The question came down to “Do you want to eat your shoe and ride your principle (i.e. ‘government can’t solve problems, government IS the problem’ OR ‘Yay Speculation Capitalism!’) to broke ? OR – do you want the warm, kind extension of the heavy (strong) invisible hand ?

    the thing about this one, JB, is that the way it looks to be framing out is that this isn’t just a giant subsidy to the rich. it looks like they’re going to extend the capital to keep the ships afloat – but that the US government may just insist on that capital as an investment and retain the asset – i.e. the US government may become one of the most significant, if not the dominant, shareholders – or equivalent with regard to influence/leverage – in these markets. And it makes sense that this would be the case – that any sum of money ought be considered investment – as asset. we bought it. If that is the case, then these very economic institutions which we’ve been hearing are at the keystone of the markets, will be beholden to public (i.e. regulatory) institutions to an unprecedented degree (last i heard was $700 billion). These markets will be more directly accountable and, if we demand it, responsive to the broader public interest – to democratic institutions.

    this is so interesting and ironic – that the radical free-marketeers – the speculation capitalists, given a decade of their wildest dreams “free” of regulation, and decades before warning and trashing the “government’s” want to move in on them, would find themselves so mired of their own making that they themselves are begging for government – and that Bush would find himself captaining one of the most significant moves toward re-establishing trust in government – toward advocating significant government intervention – it must be pretty bad for this to be the case. I mean – the markets trust the government more than they trust themselves right now (as demonstrated by the bounce back once Congress promised action). That flips the reaganites’ mantra on its head – and could potentially grant a springboard toward a narrative of more widespread trust in public institutions if the right leadership is afforded come november. that might ameliorate into benefit for the public interest given a host of issues – from environment to education, etc. etc. etc.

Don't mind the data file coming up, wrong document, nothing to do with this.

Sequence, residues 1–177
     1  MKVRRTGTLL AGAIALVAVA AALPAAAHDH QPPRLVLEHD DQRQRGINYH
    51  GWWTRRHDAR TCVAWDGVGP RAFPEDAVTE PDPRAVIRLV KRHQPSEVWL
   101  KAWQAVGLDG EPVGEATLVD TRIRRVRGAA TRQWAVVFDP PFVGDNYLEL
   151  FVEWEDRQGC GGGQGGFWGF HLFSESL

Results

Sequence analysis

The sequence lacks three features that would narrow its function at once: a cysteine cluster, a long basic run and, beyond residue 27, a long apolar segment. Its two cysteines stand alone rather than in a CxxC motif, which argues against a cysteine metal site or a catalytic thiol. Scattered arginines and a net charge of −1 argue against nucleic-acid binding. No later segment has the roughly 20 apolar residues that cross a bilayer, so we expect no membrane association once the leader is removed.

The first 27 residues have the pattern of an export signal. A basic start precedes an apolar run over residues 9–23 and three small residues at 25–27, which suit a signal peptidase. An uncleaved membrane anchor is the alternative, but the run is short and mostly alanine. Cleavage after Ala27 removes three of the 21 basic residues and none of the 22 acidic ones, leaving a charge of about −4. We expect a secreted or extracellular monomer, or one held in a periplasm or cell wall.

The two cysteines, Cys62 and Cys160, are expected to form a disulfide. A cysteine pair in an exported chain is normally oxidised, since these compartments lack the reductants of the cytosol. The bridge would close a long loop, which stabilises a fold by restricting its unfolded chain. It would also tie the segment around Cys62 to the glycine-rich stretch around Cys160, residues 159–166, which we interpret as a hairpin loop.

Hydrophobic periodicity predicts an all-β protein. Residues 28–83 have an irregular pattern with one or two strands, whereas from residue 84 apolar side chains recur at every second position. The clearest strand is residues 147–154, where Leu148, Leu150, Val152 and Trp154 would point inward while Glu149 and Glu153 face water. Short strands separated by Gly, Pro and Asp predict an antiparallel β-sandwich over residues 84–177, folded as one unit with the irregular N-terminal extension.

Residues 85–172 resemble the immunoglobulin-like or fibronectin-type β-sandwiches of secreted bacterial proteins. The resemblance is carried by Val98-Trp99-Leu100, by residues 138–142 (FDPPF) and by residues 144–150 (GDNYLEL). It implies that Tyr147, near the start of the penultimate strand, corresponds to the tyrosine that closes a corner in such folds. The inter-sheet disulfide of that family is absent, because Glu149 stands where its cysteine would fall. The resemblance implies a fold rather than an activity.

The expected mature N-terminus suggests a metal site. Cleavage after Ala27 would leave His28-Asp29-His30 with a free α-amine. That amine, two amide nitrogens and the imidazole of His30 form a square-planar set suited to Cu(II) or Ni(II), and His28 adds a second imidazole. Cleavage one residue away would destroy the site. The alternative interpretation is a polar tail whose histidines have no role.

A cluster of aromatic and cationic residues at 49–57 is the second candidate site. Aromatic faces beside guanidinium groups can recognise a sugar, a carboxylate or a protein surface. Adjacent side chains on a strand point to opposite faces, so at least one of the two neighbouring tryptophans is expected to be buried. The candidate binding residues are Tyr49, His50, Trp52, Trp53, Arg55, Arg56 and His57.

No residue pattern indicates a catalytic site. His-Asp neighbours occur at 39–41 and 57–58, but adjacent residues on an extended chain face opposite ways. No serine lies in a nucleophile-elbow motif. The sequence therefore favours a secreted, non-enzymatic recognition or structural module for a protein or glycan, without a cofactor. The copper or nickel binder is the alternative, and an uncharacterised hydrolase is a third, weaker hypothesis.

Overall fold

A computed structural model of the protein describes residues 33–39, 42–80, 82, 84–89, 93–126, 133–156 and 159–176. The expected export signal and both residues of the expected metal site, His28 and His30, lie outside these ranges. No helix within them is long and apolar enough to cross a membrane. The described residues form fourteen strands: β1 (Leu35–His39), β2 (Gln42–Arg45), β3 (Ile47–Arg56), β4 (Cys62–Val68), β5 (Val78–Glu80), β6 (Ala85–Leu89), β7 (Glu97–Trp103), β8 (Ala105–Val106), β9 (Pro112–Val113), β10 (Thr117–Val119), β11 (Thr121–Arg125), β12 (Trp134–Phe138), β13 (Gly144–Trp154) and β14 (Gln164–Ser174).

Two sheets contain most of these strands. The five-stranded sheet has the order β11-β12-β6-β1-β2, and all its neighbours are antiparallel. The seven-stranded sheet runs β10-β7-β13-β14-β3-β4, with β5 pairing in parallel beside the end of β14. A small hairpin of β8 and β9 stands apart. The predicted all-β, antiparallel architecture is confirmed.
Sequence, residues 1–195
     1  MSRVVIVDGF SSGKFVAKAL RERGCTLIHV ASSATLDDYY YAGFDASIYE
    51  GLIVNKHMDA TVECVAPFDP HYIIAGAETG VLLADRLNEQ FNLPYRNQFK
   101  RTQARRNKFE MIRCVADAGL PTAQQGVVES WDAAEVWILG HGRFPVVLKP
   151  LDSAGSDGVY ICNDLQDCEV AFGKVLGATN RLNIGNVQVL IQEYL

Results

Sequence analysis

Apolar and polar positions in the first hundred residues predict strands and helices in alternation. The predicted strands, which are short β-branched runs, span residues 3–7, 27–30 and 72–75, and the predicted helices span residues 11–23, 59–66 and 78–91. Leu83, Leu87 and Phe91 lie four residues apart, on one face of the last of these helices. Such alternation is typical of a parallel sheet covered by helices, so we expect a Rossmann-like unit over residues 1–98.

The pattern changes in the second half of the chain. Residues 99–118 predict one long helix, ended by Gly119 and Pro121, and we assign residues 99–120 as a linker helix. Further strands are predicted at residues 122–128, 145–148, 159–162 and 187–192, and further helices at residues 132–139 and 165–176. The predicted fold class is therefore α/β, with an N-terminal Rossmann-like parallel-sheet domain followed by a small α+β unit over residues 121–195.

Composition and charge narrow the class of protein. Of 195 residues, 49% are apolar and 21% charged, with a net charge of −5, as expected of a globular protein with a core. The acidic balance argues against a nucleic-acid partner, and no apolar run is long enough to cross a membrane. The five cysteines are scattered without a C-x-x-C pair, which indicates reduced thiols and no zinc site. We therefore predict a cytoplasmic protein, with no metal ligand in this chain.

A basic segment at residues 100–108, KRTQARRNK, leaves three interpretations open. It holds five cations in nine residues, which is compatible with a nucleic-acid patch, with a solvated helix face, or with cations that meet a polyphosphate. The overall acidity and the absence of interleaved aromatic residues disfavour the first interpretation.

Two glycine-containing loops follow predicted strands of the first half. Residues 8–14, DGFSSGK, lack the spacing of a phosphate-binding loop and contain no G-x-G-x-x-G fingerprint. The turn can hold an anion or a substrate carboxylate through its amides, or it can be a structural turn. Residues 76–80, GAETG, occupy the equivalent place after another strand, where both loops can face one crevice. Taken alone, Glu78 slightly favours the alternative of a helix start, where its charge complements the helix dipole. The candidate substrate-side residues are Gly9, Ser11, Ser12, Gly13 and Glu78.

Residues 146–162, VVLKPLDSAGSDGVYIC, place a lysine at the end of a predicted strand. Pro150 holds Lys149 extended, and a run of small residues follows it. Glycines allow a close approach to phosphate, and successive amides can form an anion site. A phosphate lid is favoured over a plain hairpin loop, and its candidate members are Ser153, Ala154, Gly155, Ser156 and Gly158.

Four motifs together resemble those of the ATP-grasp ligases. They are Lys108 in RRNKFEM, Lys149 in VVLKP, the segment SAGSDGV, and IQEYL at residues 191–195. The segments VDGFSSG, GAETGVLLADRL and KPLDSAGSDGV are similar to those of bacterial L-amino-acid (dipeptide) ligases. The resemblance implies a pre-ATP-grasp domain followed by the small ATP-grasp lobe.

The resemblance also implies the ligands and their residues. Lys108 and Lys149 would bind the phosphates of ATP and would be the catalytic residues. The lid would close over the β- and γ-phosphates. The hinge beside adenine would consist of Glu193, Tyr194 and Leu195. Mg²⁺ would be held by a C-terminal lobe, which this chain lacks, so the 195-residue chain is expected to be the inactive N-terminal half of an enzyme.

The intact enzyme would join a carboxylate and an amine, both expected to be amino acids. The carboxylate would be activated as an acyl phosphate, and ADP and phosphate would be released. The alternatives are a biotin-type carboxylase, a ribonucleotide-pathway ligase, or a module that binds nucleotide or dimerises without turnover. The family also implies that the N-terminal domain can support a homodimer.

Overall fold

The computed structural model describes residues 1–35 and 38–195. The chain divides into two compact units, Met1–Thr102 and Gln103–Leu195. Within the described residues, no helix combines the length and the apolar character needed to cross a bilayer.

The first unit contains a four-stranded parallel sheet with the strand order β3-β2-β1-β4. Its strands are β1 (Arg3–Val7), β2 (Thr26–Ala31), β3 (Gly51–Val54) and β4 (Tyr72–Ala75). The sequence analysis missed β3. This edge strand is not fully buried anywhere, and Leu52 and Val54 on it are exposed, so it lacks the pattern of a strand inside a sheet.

we could be investing in a level of public determination over these otherwise volatile markets that makes everyone more secure, economies more civilly responsive/responsible, and takes back this country’s future from their runaway economy that’s been ignoring the broader public interest this whole time – and we could be buying it fair and square by the market’s rules and at the market’s bidding. Whether it turns out to be a flat out give-away or a public investment in all likelihood depends on the election – but Congress looks to be doing a good job keeping it largely in the public interest right now.

    JB – gotta find the idealism at the root of the cynicism

  24. jimbob says:

    Sorry Barb–been away. Did you get an answer to your question? My biggest point was if we allow them to drill WE will suffer the consequences. One of the consequences will be the price will not go down. Look at the fear created by lowering demand. The price is going down. What do you think would happen if we got serious about finding alternatives? They will have to lower the price to increase demand–at which point they hope to be knee-deep in our national forests!

    By the way, Salle made a great point (and I’ve made it here before) about all of the wealth being driven into a few hands. Anybody could see that is what has been the goal of the Bush-Cheney Republicans. How else can you explain the yo-yo policies that this administration has come up with? Whoever said “Fear your government” hadn’t even met Bush, but he knew what the score was. I wasn’t planning to vote for Obama ‘cuz I can’t believe that is the best the dems can do, but anybody who doesn’t vote democrat is LOONEY!


September 2008


‎"At some point we must draw a line across the ground of our home and our being, drive a spear into the land and say to the bulldozers, earthmovers, government and corporations, “thus far and no further.” If we do not, we shall later feel, instead of pride, the regret of Thoreau, that good but overly-bookish man, who wrote, near the end of his life, “If I repent of anything it is likely to be my good behaviour."

~ Edward Abbey